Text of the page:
Students continue to break ‘No Pets’ policy in residence halls

Franklin the cat resides in an on-campus house, where he has lived since the beginning of the semester. Rescued by one of the residents, Franklin has made himself useful as a mouse catcher.  Like all animals, Franklin still experiences a yearning for the great outdoors.
“Sometimes we take him outside and hold him,” said one of his owners. “But you can tell that he misses it.”

Erica Belden, '10, kept her boa constrictor Maggie away from the eyes of the administration during her time at Allegheny.

For years, Allegheny students have kept stowaway pets in the dorms.  Guinea pigs, hamsters and other furry friends hide deep in the recesses of Schultz, Brooks, College Court and virtually every other dorm.
Erica Belden, ‘10 ,kept a small boa constrictor named Maggie in her dorm during her sophomore and senior years at Allegheny College.
“The only time it would’ve been a problem was when they did safety inspections,” Belden said.  “I would just put her in my car and drive around for a while.”
Allegheny has a strict policy regarding pets in the dorms: if it can’t survive underwater for more than ten minutes, it has to go.  In other words, fish are the only animals permitted.
“We get about five to eight cases reported to us each year,” said Joe Hall, assistant director of Residence Life. “We try to work with the students to find a new home for the animal.”
Missing pets that remain at home is a widespread motivation for campus lawbreakers to defy the authorities.
After months apart from her guinea pig Bullet, Megan Williams, ’14, decided that she must have a visit from her furry friend.   During the weekend-long visit, Williams said Bullet caused her no trouble at all and she enjoyed having his company. Although Bullet’s visit was short-lived, many other students are determined to keep their pets for the long haul.
Hall states that although Residence Life is considerate of the care of animals, having a pet in the dorms is a health and safety violation. However, Hall recognizes that many pets still remain at large in Allegheny housing.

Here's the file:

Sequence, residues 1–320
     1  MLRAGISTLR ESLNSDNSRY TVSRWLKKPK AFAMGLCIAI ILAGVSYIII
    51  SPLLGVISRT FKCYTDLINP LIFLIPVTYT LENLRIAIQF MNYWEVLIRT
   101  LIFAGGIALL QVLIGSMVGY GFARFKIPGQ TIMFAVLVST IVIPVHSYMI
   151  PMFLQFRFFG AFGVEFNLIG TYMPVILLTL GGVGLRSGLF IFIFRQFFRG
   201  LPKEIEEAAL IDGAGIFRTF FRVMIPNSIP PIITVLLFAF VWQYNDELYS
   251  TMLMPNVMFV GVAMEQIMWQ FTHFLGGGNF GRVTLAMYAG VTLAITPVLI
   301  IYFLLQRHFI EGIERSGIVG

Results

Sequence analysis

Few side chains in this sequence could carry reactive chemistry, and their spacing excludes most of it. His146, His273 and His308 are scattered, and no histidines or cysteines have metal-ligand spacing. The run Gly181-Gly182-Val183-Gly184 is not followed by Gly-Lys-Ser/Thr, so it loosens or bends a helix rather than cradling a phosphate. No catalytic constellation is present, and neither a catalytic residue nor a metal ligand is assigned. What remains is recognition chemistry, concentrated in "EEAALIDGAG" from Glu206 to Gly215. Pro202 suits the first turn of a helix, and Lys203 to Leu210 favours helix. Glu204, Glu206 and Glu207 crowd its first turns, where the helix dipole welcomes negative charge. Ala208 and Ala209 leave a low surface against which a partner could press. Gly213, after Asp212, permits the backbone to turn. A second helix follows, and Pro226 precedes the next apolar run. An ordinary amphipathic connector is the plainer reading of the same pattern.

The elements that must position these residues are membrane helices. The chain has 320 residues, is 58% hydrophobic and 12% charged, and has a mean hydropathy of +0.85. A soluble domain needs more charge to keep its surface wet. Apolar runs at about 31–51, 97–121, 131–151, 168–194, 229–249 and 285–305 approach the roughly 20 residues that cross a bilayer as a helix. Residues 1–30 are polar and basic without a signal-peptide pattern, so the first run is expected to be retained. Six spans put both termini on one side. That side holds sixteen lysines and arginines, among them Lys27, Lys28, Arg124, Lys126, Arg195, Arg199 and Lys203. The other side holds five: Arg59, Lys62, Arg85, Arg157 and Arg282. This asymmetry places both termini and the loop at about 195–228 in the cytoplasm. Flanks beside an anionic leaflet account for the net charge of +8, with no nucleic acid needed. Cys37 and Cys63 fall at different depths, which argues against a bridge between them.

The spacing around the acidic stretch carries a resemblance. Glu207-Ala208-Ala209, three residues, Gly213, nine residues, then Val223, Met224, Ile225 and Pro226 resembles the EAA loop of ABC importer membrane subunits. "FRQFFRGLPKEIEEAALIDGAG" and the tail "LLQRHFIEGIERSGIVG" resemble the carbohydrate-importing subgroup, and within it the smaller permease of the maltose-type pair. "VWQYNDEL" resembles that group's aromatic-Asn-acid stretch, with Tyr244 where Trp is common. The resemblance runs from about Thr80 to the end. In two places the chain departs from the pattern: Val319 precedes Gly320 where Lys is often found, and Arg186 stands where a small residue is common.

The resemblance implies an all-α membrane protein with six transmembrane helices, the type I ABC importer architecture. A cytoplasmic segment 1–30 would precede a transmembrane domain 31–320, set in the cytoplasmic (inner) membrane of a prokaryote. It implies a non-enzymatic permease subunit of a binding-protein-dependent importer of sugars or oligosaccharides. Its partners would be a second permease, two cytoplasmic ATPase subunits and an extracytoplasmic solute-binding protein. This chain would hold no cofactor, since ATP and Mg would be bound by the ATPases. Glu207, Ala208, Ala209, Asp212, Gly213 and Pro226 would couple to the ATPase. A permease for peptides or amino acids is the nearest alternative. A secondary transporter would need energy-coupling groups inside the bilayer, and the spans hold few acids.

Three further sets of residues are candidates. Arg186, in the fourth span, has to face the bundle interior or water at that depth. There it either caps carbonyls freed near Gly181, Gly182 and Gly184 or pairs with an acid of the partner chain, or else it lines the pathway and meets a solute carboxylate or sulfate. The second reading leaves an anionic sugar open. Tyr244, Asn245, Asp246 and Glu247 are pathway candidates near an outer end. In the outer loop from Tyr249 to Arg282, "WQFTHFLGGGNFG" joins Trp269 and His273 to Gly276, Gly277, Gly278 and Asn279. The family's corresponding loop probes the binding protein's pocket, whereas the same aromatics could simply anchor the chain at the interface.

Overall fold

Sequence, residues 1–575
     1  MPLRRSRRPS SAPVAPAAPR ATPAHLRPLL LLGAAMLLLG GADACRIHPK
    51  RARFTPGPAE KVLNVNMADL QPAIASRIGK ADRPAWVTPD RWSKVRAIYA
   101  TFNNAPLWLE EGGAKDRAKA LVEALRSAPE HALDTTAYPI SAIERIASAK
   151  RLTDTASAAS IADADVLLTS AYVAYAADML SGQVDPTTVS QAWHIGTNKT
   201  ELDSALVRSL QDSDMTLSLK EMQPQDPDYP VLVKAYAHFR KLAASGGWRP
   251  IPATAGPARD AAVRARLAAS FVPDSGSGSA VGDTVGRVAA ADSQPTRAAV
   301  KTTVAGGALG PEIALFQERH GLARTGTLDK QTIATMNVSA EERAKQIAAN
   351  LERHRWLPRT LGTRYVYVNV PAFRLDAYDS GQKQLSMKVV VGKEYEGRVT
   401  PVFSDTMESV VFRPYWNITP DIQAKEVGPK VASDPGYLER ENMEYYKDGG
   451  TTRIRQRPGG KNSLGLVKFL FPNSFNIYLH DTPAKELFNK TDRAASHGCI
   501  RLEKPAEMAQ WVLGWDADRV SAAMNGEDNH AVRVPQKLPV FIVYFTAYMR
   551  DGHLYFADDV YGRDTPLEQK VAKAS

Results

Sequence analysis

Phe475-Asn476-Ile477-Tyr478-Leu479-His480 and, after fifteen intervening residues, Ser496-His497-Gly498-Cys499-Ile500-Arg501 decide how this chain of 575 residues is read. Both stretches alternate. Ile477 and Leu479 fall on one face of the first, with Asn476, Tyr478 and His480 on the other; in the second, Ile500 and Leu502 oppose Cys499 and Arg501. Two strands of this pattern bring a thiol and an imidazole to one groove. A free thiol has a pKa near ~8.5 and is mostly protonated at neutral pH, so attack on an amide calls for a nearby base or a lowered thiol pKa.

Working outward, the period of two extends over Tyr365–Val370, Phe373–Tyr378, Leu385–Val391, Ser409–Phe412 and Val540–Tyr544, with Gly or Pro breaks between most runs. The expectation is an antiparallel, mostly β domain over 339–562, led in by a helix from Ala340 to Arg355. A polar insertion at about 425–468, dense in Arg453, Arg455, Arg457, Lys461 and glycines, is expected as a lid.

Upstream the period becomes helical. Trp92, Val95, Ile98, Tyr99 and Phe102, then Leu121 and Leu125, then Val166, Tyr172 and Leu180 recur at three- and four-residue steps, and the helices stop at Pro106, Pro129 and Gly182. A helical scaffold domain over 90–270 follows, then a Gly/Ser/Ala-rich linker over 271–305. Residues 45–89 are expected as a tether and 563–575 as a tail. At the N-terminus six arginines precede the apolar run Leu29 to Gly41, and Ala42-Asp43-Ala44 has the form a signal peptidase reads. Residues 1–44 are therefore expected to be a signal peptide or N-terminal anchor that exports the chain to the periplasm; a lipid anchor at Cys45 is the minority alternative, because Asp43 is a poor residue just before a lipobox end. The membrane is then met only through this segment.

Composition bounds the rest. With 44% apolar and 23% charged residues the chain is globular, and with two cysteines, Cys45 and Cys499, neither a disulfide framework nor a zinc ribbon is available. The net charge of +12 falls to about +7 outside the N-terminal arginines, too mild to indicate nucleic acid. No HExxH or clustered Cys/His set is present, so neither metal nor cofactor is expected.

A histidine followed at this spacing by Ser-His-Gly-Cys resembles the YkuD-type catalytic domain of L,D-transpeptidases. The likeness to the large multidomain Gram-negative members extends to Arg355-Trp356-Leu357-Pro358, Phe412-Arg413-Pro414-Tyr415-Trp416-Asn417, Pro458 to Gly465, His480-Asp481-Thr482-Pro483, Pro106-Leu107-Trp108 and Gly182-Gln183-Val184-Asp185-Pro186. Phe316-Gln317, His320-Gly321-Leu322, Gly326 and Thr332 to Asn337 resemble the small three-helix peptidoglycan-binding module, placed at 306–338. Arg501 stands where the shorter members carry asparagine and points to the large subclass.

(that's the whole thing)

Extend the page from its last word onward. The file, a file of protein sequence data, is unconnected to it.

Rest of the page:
One sophomore, who chooses to remain anonymous, finds comfort in her hamster, Peanut, who will need hidden upon dorm inspection.
“I’m not sure what I will do when my RA checks my room,” said Peanut’s owner.
Students have good reason to fear exposure. If caught, perpetrators are fined $20 per day until the animal is removed. In certain cases, the student may also be subject to disciplinary action.
Escapee pets are also among the worst fears for pet owners. Franklin has gone missing several times. Although he has always returned, it still makes his owners nervous that they will be discovered. Peanut almost let his whereabouts slip after he rolled out of his owner’s dorm in his hamster ball.
Belden was never caught by an RA for having Maggie in the dorms, whom she fed dead rats throughout the year.
“I wondered if they didn’t know or didn’t care,” Belden said.
Despite the possible ramifications, many students believe that the risk of secretly keeping a pet is worth the reward.
“I volunteer at the Humane Society and that really helps me de-stress. I could see the benefits of having a pet in the room,” said Kathleen Macie, ‘14.
“Franklin is definitely therapeutic,” his owner said. “My friends know about him and come visit.”